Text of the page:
For Ben Graham, email was a new thing when he started working in the agriculture marketing and communications industry.
How times have changed.
Graham, president of Calgary-based AdFarm, Canada’s largest agriculturally-focused marketing and communications agency, has had to keep up with technology as it evolves, from email to the newest, big change — artificial intelligence.
“We’re under pressure with AI and all these other trends,” said the 54-year-old, who received a lifetime achievement award from the Canadian Agri-Food Marketers Alliance last week in Winnipeg. “We have to be cutting edge.”
AdFarm works with agriculture and food companies to develop marketing and communication strategies aimed at reaching specific audiences within the agriculture industry. Over the years it has worked with big names in agriculture such as Bayer CropScience, Corteva Agriscience, machinery manufacturer New Holland and fertilizer producer Nutrien, as well as industry organizations such as Alberta Beef Producers and Canola Council of Canada.
“Nobody spends more time on a mobile device than a farmer, so developing plans and strategies to reach (farmers), it’s changed immensely from a traditional ad in a newspaper or radio commercial all the way through to a really integrated e-automation campaign,” he said.
‘Human direction’ still needed amid AI use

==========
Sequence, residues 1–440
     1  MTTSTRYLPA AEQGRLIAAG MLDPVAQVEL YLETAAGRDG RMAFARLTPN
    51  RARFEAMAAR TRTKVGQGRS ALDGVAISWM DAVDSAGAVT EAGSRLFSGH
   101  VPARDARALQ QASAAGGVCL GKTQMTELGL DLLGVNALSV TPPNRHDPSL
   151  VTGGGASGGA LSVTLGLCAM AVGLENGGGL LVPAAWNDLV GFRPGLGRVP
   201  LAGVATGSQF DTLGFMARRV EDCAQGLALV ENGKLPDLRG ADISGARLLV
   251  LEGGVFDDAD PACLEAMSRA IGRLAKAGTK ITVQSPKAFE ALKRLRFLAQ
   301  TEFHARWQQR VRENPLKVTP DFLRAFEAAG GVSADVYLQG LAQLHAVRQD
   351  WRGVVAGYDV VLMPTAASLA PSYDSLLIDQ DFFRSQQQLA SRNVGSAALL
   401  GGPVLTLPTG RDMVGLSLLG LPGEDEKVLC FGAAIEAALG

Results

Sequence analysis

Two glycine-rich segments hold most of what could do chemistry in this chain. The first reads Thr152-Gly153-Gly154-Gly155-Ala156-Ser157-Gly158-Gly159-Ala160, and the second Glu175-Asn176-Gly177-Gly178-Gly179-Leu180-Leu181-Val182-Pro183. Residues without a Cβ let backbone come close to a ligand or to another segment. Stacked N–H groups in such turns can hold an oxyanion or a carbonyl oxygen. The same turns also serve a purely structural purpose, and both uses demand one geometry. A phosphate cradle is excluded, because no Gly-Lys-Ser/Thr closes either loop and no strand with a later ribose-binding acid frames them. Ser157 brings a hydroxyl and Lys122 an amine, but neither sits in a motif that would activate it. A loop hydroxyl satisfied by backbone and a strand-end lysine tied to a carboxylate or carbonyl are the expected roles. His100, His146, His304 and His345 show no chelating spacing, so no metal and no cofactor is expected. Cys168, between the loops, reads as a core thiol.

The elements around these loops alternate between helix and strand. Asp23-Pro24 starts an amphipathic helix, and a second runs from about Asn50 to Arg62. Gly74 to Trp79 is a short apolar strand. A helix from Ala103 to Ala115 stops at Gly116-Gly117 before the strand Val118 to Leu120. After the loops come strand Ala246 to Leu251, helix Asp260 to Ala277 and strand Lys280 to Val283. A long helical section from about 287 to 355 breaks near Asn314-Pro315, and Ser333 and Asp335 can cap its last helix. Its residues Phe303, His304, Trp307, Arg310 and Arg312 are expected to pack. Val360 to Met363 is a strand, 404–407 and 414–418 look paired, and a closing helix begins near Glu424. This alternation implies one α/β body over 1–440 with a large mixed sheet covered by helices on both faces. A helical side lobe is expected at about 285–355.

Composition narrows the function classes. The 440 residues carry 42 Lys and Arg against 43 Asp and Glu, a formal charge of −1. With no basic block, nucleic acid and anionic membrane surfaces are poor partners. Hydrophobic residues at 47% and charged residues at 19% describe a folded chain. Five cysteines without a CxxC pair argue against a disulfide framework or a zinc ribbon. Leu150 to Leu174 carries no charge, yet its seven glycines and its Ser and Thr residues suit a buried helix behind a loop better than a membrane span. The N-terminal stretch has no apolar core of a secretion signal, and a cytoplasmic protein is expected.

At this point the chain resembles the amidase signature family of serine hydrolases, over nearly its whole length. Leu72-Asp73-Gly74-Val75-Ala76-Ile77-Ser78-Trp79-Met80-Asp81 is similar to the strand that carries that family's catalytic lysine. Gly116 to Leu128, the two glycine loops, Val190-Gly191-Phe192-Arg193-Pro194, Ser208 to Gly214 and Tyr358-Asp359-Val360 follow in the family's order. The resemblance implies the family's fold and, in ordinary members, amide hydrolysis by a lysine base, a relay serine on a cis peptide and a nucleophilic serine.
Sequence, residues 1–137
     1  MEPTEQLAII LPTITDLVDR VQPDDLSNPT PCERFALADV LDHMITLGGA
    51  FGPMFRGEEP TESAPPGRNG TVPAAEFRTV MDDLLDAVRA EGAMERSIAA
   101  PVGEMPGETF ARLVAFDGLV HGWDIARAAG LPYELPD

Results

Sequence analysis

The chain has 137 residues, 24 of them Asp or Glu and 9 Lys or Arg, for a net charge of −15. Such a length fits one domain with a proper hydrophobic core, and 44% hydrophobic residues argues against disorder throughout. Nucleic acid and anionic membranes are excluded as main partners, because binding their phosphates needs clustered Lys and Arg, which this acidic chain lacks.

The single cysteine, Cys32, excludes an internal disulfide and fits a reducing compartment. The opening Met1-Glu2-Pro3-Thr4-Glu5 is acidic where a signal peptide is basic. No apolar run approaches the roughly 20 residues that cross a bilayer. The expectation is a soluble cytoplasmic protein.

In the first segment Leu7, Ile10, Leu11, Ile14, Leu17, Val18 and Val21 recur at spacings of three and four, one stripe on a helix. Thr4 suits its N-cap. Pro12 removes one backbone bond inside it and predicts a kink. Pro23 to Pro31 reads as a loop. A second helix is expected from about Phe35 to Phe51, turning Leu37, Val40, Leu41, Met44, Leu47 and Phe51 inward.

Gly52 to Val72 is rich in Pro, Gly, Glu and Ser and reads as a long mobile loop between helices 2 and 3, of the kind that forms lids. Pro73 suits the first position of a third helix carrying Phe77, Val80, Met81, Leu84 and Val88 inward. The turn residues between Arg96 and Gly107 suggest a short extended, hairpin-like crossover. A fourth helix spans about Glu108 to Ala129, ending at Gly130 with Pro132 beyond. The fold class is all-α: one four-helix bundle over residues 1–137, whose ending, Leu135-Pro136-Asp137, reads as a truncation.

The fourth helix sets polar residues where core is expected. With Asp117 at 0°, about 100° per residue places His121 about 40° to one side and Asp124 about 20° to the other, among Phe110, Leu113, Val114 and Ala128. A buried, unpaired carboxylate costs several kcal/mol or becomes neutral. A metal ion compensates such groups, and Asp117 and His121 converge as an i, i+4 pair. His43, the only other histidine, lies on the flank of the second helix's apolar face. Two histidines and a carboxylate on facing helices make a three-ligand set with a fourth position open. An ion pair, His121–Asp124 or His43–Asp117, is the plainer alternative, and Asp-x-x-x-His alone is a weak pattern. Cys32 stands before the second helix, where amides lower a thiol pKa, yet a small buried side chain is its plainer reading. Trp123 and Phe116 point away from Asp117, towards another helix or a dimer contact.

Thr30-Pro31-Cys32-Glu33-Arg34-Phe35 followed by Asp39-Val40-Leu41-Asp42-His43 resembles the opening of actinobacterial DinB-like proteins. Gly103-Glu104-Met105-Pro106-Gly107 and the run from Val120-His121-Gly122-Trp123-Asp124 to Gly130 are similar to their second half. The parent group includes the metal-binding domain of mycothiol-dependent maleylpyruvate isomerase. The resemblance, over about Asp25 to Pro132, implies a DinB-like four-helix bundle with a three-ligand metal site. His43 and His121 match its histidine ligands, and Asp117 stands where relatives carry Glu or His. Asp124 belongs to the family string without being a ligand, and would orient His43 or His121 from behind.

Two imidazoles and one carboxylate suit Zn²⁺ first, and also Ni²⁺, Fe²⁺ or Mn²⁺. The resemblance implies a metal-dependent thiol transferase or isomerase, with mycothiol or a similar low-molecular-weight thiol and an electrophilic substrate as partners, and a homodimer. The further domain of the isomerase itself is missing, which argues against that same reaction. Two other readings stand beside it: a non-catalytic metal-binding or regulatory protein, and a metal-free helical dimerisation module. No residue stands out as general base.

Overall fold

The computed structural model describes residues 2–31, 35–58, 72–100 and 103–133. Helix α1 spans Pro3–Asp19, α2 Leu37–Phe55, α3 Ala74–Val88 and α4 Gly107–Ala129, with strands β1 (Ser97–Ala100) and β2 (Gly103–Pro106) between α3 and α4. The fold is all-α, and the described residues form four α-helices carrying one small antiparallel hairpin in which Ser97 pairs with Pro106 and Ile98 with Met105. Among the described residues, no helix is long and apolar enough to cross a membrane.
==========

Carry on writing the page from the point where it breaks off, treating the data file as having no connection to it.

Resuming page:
AI can be used in many ways, but must be directed properly, with clear thinking, to get anything of value from it, said Graham.
“For us, we’re looking at it from a creative standpoint, to help generate more volume and quality in creative,” he said. “From a content creation standpoint, there’s ways to use it there to augment content, whether it’s social media or digital.”
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Many in the industry feared job losses would occur in the marketing and communications field as a result of AI use, but that hasn’t happened and AdFarm has instead continued to grow, said the company’s president.
“Without that human direction, (AI) still has its limitations, so it hasn’t affected our workforce at all,” said Graham.
Graham foresees no effect of AI on AdFarm’s workforce in the “near future” because specific agricultural knowledge is required to drive the technology.
“Ag is such a detailed, diverse industry, whether you’re growing livestock or planting unique seeds, to pasture management,” he said.
‘Astronomical’ changes ahead for agriculture: AdFarm president
While companies used to have time to adapt once a technology, such as email, reshaped the landscape, continual change is now the new normal thanks to ongoing technological advancements, said Graham.
In agriculture, new technologies are coming in which some regulatory guidance is going to be needed, he added.
“Like when you look at auto-drive technology, agriculture, especially in farming, has adopted auto-steer. Technologies like that, they were adopted not only fast but across the sector. Robotic milking, feed technologies — all those things have happened very fast in agriculture.
“You add in that artificial learning component, the amount of change that’s going to happen in agriculture in the next five years is astronomical.”
Internet connectivity and data access in rural areas are improving with technologies such as SpaceX’s satellite Starlink satellites, which have “plugged a lot of holes” in connectivity issues, said Graham, whose family has farmed near Vulcan for 119 years.
“That was the kind of the holdback that now is unleashing the next way of technology in agriculture,” said Graham.